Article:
I have taught yoga for so long now (almost exclusively) that not everyone knows that I also have a long history of teaching aerobics, weight training and was a personal trainer too. And people are surprised that I teach kettlebells because kettlebells seem like such a powerlifting, loud grunting, gung-ho fitness regiment that it doesn’t appear to go along with the peace-loving, laid back, ‘Oming’, flexibility & mobility training lifestyle that people think yoga is.
But honestly, I think they go together beautifully! To understand why, first, we must answer some questions.
What else is there to yoga besides exercise and meditation? Most people don’t have any idea that Yoga isn’t a fitness routine, but in reality, it’s a lifestyle, an entire program for living a moral and ethical life, about becoming the best version of yourself.
Yoga, at its heart, is a practice of mindfulness and awareness. It encourages deep concentration and focus while engaging in the Asana Practice. Asana is the seat of yoga, literally the word means ‘seat’, and it is the exercise part of the 8 limb path that is yoga. Yoga as only an exercise, or physical fitness program is great but that’s not all it is and that’s something for another post, but here in the western world we have taken yoga apart, like puzzle pieces and we picked the ones that suited our culture best and left the others. Yoga as a lifestyle isn’t just about a healthy body, but about a certain morality of life. Its about learning who you are, it’s about finding your sense of Self.
Yoga means union, to yoke together, from the root yuj, which means to join.
It means to bring together the aspects of ourselves that were never divided in the first place.
It means harmony.
What does all of this have to do with Kettlebells? Well I’m glad you asked. You see I believe any type of exercise can be Asana. Ok for all of you who think I just committed some sort of blasphemy, for all of you who think if it’s not a Sun salutation or a freakishly gumby like pose, it’s not yoga, please hear me out.
I believe that keeping your body healthy, in whatever way works for you, is one small part of yoga. Maybe you are a runner, or you’re a backpacker, or you like weightlifting or crossfit or Zumba, any physical exercise can be Yoga. Walking, dancing, Pilates, and yes kettlebells, it doesn’t matter the modality, what matters is your mindset, your intention. And your approach to that modality. Remember that Yoga at its heart is about mindfulness and building deep awareness, so if you approach your physical fitness mindfully and you concentrate and focus on it in the moment, then aren’t you doing an Asana practice? Kettlebells as an exercise program at its heart is about simplicity of movement(s), about being focused and aware of your form. It, like yoga, marries breath with movement, it has a precision and complexity that your Yoga Asana practice has, but both have at their core, movements that are simple. And while yoga tends to help you gain mobility and flexibility, a Kettlebell workout tends more towards getting stronger. Both Asana and Kettlebells are about functional fitness. Both ask you to be more present, both move you across multiple joint actions that increase your stability and functional strength, both build deep core strength and awareness, and both are about the mind, body, and spirit connection. They complement each other, a yoga practice can help you activate more flexibility that enhances your kettlebell program, and swinging kettlebells around helps you build strength and endurance that are essential to the time you spend on your yoga mat.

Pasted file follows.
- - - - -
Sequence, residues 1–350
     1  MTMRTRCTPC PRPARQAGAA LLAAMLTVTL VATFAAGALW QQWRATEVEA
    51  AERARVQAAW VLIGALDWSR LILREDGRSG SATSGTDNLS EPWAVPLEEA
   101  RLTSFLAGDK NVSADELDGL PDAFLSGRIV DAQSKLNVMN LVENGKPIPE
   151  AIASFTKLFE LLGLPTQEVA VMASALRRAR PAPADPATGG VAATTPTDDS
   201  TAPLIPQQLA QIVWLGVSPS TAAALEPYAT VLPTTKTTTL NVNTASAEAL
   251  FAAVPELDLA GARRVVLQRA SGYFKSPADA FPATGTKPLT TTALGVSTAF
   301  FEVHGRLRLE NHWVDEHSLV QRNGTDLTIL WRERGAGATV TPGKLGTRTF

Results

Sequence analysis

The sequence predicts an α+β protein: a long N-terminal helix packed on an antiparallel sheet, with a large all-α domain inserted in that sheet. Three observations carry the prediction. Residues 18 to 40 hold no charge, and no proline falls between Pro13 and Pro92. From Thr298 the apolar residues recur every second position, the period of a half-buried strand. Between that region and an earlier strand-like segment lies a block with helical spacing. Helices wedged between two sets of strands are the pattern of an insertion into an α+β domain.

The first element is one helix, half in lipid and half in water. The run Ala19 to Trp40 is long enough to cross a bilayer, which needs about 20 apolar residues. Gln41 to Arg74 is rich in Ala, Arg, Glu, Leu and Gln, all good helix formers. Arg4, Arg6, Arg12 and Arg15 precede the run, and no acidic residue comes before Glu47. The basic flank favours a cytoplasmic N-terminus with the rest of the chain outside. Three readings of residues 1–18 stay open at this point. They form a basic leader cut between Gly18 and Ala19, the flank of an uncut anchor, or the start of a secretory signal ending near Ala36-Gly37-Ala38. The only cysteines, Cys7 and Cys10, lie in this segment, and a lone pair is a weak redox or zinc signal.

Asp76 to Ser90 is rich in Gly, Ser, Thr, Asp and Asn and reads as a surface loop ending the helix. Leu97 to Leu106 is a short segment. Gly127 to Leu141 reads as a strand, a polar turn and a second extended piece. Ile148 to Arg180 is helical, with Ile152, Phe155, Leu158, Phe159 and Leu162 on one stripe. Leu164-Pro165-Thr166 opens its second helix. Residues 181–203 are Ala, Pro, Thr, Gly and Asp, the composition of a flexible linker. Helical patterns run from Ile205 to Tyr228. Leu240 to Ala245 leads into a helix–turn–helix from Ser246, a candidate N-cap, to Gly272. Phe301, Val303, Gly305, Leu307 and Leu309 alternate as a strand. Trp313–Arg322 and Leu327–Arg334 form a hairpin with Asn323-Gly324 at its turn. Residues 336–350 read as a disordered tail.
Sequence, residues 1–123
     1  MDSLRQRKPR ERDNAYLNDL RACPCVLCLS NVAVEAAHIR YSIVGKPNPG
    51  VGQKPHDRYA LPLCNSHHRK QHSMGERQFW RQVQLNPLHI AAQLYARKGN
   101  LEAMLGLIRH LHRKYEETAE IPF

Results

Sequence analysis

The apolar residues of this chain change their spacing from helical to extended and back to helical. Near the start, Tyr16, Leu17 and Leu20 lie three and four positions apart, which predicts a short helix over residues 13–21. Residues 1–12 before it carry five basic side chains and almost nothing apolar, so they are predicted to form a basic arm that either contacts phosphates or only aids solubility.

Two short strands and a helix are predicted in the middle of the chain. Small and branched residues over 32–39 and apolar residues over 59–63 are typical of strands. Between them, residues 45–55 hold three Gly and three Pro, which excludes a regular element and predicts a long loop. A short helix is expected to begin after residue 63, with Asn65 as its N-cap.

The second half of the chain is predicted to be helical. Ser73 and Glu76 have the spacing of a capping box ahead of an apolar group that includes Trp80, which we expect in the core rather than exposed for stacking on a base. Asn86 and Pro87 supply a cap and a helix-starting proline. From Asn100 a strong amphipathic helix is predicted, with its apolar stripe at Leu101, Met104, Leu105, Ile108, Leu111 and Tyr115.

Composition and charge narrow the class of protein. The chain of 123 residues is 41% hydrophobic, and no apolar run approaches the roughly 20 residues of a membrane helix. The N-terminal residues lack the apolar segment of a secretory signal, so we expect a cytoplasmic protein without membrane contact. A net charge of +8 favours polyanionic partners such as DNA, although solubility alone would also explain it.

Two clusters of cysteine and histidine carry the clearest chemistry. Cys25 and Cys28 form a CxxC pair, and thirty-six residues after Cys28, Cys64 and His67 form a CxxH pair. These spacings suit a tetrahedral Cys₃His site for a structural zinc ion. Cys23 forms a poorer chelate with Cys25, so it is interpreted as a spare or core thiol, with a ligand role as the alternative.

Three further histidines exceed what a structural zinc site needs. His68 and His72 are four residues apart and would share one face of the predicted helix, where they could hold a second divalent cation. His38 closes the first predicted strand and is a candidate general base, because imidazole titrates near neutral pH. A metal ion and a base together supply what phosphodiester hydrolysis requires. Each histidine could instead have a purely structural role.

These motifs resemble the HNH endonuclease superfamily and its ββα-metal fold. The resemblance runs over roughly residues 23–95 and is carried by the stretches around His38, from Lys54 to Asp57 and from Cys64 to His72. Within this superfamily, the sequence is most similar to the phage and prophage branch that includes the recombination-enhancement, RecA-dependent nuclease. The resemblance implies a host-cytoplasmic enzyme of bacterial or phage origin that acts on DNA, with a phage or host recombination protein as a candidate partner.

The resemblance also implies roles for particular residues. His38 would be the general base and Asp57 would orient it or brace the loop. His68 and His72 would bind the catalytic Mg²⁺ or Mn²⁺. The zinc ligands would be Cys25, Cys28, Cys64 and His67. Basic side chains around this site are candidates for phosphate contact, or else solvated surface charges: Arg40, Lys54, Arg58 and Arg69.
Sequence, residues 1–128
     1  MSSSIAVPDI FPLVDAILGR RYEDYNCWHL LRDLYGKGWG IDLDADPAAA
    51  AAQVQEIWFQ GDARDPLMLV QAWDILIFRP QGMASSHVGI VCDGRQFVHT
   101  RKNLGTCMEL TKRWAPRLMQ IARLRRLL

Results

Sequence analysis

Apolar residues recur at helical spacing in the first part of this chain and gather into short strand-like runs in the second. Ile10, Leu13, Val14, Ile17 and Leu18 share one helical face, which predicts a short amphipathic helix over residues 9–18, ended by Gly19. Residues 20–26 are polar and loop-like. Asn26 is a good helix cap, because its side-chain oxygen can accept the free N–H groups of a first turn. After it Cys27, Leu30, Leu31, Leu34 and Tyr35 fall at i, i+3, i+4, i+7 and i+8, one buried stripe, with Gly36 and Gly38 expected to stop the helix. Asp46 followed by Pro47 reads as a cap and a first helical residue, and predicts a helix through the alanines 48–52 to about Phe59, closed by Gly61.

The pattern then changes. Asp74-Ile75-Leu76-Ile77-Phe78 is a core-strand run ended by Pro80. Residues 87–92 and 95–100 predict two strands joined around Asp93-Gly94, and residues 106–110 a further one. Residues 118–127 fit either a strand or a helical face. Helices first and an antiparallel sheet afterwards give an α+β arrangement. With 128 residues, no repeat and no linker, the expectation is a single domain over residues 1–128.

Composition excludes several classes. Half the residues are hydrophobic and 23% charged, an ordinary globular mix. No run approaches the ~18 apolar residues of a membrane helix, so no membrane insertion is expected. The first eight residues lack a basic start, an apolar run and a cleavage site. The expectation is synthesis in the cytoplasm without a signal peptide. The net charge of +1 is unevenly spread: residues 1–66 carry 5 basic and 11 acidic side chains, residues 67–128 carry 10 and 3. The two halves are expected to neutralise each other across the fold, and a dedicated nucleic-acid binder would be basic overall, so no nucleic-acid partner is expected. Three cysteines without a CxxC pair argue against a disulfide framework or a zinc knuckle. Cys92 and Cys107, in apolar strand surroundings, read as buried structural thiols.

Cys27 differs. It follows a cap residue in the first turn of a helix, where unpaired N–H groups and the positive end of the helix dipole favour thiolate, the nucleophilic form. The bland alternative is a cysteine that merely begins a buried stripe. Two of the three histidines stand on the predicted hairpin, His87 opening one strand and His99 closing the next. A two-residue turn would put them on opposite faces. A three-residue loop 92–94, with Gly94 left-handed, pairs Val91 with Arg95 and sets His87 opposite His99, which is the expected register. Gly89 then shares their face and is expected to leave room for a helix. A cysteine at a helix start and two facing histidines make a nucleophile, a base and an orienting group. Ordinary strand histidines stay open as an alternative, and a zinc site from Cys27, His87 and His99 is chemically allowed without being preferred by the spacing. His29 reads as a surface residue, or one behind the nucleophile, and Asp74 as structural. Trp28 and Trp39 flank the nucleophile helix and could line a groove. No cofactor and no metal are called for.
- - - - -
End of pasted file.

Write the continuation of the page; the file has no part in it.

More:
So, now you know that yoga (Asana) and kettlebells are not mutually exclusive; together they provide a potent recipe for holistic health and dynamic fitness.
From Patanjali’s Yoga Sutras
Sutra 2.46 Sthira Sukham Asanam
The posture (asana) for Yoga meditation should be steady, stable, as well as comfortable
sthira = steady, stable, motionless sukham = comfortable, ease filled asanam = Seat or pose